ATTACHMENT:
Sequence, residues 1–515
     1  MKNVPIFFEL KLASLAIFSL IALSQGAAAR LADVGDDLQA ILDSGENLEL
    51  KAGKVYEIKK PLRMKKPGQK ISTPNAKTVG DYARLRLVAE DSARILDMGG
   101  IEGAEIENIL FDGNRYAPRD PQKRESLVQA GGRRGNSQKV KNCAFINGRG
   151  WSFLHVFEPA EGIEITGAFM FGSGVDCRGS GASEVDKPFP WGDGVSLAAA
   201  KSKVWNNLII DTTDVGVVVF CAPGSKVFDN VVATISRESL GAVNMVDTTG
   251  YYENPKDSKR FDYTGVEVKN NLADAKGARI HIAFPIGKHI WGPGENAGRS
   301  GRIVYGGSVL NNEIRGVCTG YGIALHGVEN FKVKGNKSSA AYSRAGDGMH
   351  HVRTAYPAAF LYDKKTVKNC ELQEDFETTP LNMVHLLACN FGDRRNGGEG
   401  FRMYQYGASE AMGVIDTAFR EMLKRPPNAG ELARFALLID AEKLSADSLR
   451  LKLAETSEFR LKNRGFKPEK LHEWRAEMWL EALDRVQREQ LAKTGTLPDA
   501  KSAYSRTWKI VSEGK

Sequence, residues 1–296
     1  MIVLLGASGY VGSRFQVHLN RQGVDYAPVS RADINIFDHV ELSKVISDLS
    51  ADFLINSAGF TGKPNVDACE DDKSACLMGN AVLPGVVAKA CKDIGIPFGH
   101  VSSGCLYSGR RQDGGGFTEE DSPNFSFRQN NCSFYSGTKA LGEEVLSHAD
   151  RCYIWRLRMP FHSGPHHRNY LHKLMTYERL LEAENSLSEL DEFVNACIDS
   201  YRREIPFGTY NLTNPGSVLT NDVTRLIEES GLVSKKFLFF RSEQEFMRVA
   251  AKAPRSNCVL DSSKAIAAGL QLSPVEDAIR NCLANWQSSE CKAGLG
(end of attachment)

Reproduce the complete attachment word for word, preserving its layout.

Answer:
Sequence, residues 1–515
     1  MKNVPIFFEL KLASLAIFSL IALSQGAAAR LADVGDDLQA ILDSGENLEL
    51  KAGKVYEIKK PLRMKKPGQK ISTPNAKTVG DYARLRLVAE DSARILDMGG
   101  IEGAEIENIL FDGNRYAPRD PQKRESLVQA GGRRGNSQKV KNCAFINGRG
   151  WSFLHVFEPA EGIEITGAFM FGSGVDCRGS GASEVDKPFP WGDGVSLAAA
   201  KSKVWNNLII DTTDVGVVVF CAPGSKVFDN VVATISRESL GAVNMVDTTG
   251  YYENPKDSKR FDYTGVEVKN NLADAKGARI HIAFPIGKHI WGPGENAGRS
   301  GRIVYGGSVL NNEIRGVCTG YGIALHGVEN FKVKGNKSSA AYSRAGDGMH
   351  HVRTAYPAAF LYDKKTVKNC ELQEDFETTP LNMVHLLACN FGDRRNGGEG
   401  FRMYQYGASE AMGVIDTAFR EMLKRPPNAG ELARFALLID AEKLSADSLR
   451  LKLAETSEFR LKNRGFKPEK LHEWRAEMWL EALDRVQREQ LAKTGTLPDA
   501  KSAYSRTWKI VSEGK

Sequence, residues 1–296
     1  MIVLLGASGY VGSRFQVHLN RQGVDYAPVS RADINIFDHV ELSKVISDLS
    51  ADFLINSAGF TGKPNVDACE DDKSACLMGN AVLPGVVAKA CKDIGIPFGH
   101  VSSGCLYSGR RQDGGGFTEE DSPNFSFRQN NCSFYSGTKA LGEEVLSHAD
   151  RCYIWRLRMP FHSGPHHRNY LHKLMTYERL LEAENSLSEL DEFVNACIDS
   201  YRREIPFGTY NLTNPGSVLT NDVTRLIEES GLVSKKFLFF RSEQEFMRVA
   251  AKAPRSNCVL DSSKAIAAGL QLSPVEDAIR NCLANWQSSE CKAGLG